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Managing Against Critical Drivers Boosts Profits

By Roxanne Emmerich

Profit hides a lot of mistakes. But now that the economy has put pressure on all of us to find what works and chuck what doesn’t, it’s time to give credit to the greatest single predictor of profits and growth – your critical drivers.
And what’s the number-one critical driver? Mood – frame of mind – the way a particular group of people think and feel about your bank at any one time. Mood is money, and if you have a culture where people don’t want to come to work on Mondays and count the days until Friday, you are headed for a life lesson that is costly beyond measure.
Boost Your Critical Drivers
Gallup research shows businesses with disengaged employees experience $3,400 in lost productivity for every $10,000 of payroll, and employee engagement is the leading indicator of corporate health. A study of 19 insurance companies revealed that in 75 percent of cases, climate alone accurately sorted companies into high versus low profits and growth. Out of the hundreds of variables that impact insurance companies, to have one variable so closely predictive of actual results is overwhelming evidence that mood matters.
First Volunteer Bank, now known as “The Bank with Personality,” had tried everything – sales training, restructuring, strategic planning, you name it – but couldn’t get beyond average. Then, after a one-day “Thank God It’s Monday” presentation, they experienced 35 percent annualized growth in a single month – more organic growth than in the previous 10 years combined.
Mood matters.

Rock Your
Customers’ Worlds
Will your workplace mood spill out onto the streets and impact your customers and get them to come back and bring others? Yes!
For every 1 percent improvement in service climate, there is a 2 percent increase in revenue. If employees are engaged, customers not only reward you with more business – they come back and bring their friends! When your team members are doing backflips to delight customers and are committed to the success of your customers and clients, that’s a business that works.
Unfortunately, it works both ways. Bad employee moods and rudeness are also contagious. Cardiac care units where nurses’ moods were defined as “depressed” had a patient death rate four times that of comparable units. Yikes. A study of 32 retail stores showed that positive salespeople outsell their grumpy workmates.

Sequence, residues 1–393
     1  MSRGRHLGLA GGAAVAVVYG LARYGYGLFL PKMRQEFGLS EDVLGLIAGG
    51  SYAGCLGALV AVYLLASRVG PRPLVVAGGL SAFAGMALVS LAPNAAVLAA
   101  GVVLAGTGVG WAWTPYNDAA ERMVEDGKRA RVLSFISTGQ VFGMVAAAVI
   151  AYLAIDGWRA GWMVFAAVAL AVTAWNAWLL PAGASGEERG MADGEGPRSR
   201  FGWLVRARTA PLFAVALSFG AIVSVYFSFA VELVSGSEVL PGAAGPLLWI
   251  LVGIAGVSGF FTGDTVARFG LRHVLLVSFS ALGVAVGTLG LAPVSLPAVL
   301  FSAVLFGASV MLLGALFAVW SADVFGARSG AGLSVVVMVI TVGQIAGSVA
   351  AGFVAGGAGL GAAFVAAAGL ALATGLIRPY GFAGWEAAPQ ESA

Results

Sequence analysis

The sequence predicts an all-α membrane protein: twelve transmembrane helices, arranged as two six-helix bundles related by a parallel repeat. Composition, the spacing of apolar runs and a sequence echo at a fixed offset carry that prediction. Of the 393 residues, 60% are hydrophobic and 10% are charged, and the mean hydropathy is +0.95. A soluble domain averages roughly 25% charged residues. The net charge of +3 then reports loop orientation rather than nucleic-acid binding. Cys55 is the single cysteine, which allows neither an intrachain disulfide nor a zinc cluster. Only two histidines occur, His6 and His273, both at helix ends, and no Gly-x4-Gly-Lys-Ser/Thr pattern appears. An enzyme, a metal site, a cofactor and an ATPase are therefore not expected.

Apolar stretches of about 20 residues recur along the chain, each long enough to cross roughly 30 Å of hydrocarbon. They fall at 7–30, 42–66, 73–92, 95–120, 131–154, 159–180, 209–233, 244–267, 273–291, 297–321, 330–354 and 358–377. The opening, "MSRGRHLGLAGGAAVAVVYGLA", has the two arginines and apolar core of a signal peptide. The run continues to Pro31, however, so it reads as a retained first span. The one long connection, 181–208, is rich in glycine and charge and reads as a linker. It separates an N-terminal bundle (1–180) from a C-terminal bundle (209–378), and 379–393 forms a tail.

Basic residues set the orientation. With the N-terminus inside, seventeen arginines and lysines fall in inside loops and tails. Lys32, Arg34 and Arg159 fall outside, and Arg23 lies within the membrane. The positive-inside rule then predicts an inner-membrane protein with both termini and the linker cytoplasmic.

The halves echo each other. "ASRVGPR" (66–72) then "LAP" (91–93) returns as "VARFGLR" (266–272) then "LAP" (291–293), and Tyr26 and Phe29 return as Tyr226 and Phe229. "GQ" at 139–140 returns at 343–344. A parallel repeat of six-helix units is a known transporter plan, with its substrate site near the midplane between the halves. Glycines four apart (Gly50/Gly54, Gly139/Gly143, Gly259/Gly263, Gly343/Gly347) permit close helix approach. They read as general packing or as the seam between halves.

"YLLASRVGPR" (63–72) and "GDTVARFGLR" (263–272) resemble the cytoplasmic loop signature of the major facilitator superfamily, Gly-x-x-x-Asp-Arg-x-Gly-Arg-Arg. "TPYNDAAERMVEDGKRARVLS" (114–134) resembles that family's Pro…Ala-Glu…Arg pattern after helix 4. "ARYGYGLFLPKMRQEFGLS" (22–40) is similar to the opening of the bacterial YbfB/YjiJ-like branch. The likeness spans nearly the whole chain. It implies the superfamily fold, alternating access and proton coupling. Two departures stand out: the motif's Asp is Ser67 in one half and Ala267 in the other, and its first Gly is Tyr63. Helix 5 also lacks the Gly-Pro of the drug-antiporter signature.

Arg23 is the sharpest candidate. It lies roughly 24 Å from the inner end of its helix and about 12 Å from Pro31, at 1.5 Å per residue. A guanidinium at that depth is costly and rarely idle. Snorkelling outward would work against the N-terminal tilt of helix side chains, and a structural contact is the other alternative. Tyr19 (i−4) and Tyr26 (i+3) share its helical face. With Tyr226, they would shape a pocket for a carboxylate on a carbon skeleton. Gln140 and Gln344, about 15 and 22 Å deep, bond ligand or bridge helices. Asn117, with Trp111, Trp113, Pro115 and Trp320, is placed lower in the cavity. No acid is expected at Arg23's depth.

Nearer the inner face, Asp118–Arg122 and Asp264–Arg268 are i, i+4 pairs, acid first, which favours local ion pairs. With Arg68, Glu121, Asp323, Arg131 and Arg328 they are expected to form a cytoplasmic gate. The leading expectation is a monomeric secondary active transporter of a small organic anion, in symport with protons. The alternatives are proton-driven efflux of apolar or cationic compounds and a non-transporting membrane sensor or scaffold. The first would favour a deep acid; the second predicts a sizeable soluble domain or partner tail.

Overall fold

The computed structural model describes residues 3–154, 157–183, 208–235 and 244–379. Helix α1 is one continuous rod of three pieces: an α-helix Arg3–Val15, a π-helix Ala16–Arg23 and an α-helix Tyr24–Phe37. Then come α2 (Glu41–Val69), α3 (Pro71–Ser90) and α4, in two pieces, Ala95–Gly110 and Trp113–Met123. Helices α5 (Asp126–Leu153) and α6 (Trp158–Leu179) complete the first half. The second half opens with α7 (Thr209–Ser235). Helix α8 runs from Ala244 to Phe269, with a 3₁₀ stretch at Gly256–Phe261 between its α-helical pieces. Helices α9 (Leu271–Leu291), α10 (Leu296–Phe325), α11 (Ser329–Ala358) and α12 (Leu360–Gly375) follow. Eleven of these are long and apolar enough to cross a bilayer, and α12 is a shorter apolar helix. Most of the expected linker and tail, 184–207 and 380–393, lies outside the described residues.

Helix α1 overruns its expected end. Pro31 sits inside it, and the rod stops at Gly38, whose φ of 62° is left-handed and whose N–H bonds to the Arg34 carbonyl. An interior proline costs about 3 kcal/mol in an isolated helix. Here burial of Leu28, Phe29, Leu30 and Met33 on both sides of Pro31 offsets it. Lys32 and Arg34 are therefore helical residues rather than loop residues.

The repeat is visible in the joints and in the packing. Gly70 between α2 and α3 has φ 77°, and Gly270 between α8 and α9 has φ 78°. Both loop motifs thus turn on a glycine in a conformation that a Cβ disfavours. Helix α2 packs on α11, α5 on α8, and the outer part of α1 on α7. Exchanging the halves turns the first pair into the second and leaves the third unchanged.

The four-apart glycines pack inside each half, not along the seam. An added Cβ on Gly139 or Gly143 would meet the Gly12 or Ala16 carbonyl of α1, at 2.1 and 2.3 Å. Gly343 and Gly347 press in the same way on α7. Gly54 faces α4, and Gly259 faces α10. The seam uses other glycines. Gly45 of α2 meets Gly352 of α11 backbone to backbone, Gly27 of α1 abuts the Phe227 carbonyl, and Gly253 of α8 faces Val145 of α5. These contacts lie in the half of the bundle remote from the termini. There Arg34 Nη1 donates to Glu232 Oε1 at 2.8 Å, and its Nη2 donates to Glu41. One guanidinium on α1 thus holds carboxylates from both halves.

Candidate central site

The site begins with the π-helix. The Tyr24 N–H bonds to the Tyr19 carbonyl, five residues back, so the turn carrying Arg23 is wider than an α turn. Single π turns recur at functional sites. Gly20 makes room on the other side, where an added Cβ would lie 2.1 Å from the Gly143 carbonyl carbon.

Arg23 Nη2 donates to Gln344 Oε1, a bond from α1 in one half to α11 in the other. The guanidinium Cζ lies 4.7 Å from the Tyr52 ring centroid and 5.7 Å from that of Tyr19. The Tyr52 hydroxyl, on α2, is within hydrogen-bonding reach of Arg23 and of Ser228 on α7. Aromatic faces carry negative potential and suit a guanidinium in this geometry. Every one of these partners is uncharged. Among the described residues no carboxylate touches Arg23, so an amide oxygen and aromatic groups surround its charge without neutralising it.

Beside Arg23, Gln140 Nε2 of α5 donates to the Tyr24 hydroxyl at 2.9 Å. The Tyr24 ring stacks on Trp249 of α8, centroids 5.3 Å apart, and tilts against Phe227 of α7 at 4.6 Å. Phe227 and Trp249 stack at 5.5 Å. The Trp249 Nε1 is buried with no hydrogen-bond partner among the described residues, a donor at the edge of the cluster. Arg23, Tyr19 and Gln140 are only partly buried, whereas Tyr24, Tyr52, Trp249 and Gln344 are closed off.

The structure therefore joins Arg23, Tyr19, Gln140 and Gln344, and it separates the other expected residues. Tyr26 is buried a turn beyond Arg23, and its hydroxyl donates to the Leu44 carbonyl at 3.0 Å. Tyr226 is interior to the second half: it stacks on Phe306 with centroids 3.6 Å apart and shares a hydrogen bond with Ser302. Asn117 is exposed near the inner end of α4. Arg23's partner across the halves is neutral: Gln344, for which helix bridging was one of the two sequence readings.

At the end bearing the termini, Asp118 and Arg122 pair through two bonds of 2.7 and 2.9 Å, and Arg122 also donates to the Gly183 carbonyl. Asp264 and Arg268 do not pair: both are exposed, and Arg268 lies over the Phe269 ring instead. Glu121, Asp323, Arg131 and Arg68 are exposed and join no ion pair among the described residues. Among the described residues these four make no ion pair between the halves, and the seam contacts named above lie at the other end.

Mood matters to customers. Mood either causes customers to buy more or to leave and never come back – and one bad encounter can echo through that lost customer and everyone they talk to for decades.

Rock YOUR World
Are you having any fun? I had an uncle who would count the number of days until retirement. “Only 3,297 more to go,” he would say. Great guy, but lousy attitude. He needed to move on or realize that he was choosing his attitude. Are you like my uncle?
Let’s face it – we want our lives to count for something. We want our work to matter. When we went to work the first day, our shoes were shined and we knew we wanted to be a huge contributor.
Then, as life happened, we disengaged ourselves. Maybe we found out the humans we worked with weren’t perfect. Go figure. Or maybe we thought somebody did something unfair and we got our nose out of joint. Whatever the cause, instead of accepting people and coaching them, or requesting fairness in an adult way, or learning why perhaps the situation was fair after all, we disengaged ourselves. We are living in a world that is filled with spiritual bankruptcy. Empty activities fill our days. More than ever, we need our lives to matter, and our work fills so much of our lives that we can’t afford emotionally for that work to not fulfill us.
Khalil Gibran said it best: “Work is love made visible.” We need to make work matter – for our own sanity and fulfillment and for the success and fulfillment of those around us. The time for change is now, and the person to make the change is you. Recessions are the time to pull ahead while others are blindsided and confused. Decide that you will be the one to pull ahead. This is your time. ■


Posted on Friday, July 06, 2012 (Archive on Thursday, October 04, 2012)
Posted by Scott  Contributed by Scott


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